This story was originally published in the June 2018 Trenton Downtowner.

John Mastoris bought into Pat’s Diner in 2001 and became the sole owner in 2008.

It’s mid-Friday afternoon and John Mastoris is escorting diner patrons to their seats, handing out menus, handling costumer transactions, dealing with a work shift change, and sitting down to answer questions. And this is one of the down times at Pat’s Original Diner at 1300 South Broad Street in Trenton.

“It’s a landmark,” says owner Mastoris, a cousin to the family that owns the famed Bordentown diner.

But this Mastoris is talking about what makes his Trenton diner significant. That includes longevity. “I don’t know many restaurants or diners being in business 80 years or so,” he says. “I have people in their 90s who come here and say, ‘I was here when I was seven or ten. My father and my grandfather brought me here.’”

Another factor is more basic. “The food makes a difference,” he says. ”We have very good food. And the staff makes you feel like a friend.”

His argument is supported by Yelp’s four out of five stars review based on friendliness and comfort food.

But no reviews are needed to support the claim that it is one of the busiest places in the city. Open 24 hours, the 114-seater attracts locals of all employment status, city visitors, business people, Saturday night bar closers, Sunday morning churchgoers, artists and writers, and home-grown Trenton politicians. Regulars to this bring-your-own-ambiance eatery include mayoral candidate Paul Perez, current Trenton City Councilman George Muschal, and Mercer County freeholders stopping in to have an after-session meeting.

As Mastoris matter-of-factly reports during an interview in the side dining room, “We had (United States) Vice President Al Gore come here when he was running for president. A couple of weeks ago, ex (Hamilton) mayor John Bencivengo was here. Mayor Tony Mack was here a couple of times a week. And (City of Trenton spokesman) Mike Walker just came in.”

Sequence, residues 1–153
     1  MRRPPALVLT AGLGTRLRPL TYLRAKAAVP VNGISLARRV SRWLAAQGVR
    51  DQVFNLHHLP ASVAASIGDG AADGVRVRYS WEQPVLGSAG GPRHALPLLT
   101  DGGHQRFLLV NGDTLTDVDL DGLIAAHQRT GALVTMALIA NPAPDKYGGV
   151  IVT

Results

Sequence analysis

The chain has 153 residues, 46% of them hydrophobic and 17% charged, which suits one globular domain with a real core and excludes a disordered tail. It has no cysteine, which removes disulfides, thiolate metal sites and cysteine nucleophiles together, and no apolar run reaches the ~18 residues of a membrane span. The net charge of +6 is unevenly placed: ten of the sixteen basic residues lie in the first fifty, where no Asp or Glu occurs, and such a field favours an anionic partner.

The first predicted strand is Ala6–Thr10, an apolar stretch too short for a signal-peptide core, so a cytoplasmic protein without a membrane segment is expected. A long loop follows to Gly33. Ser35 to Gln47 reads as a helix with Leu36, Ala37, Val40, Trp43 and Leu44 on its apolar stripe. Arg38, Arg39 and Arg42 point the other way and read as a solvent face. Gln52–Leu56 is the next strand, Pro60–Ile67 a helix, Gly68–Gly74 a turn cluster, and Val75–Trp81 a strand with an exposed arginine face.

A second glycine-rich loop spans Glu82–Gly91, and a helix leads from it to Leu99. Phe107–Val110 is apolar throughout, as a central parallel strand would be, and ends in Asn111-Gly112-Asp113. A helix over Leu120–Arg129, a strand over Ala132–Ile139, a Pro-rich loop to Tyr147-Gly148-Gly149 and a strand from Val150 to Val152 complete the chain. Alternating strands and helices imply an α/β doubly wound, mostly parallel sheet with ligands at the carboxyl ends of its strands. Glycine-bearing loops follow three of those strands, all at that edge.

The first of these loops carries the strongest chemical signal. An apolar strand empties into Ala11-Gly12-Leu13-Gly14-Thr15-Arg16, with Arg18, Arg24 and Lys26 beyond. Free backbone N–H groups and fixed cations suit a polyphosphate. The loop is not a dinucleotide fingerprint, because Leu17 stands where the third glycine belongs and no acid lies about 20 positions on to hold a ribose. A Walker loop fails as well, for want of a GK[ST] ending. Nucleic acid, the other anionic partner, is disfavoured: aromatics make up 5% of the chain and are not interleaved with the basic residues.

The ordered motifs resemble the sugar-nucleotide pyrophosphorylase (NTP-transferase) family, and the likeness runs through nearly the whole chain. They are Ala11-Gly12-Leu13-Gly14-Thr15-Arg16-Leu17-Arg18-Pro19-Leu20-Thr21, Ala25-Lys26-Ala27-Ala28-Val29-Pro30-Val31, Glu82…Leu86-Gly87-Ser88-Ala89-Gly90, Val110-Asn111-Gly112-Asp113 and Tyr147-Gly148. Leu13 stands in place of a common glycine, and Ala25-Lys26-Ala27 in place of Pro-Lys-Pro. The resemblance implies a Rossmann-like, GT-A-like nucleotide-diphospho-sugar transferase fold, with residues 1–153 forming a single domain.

Asked about costumer volume and income, Mastoris simply says, “There are thousands of receipts per week.”

Pat’s Diner during its early days in the 1930s.

That includes the tab for what he says is the diner’s number one best seller: Greek omelet for breakfast ($7.25 with toast, home fries, and coffee). His menu hits list continues with stuffed cabbage and stuffed peppers (both $9.99), Swiss steak ($9.99), chicken Marsala ($11.95 with two vegetables and salad or soup), and the daily “made-from-scratch” soups ($2.99 per bowl). Not mentioned is the standby: a cup of Lucas brand coffee (around $2 with refills).

Mastoris says the culinary credit goes to his chef, George Narvaez. “He’s been here since the early ’90s. He started as a dishwasher.” Then there is the Mastoris seal of approval: “I taught him.”

Asked where and how he learned his trade, Mastoris provides a quick bio. “I come from Andros (a Greek island in the Aegean Sea). My father was a merchant marine. My mother was a stay-at-home wife.”

He says he got in the restaurant business by becoming a waiter. “My cousin was next to the next head chef in the Hilton Hotel in Athens. He came to (Andros) to buy his own business. He wanted somebody to help him out. I started as a waiter. Then I became a line cook and then a chef. I went to cooking school to learn the basics.

“In 1988 I came to the States because I met my wife she wanted to come here. She was a Greek American (and a diner waitress). She lived in Burlington,” where they and their two adult children live.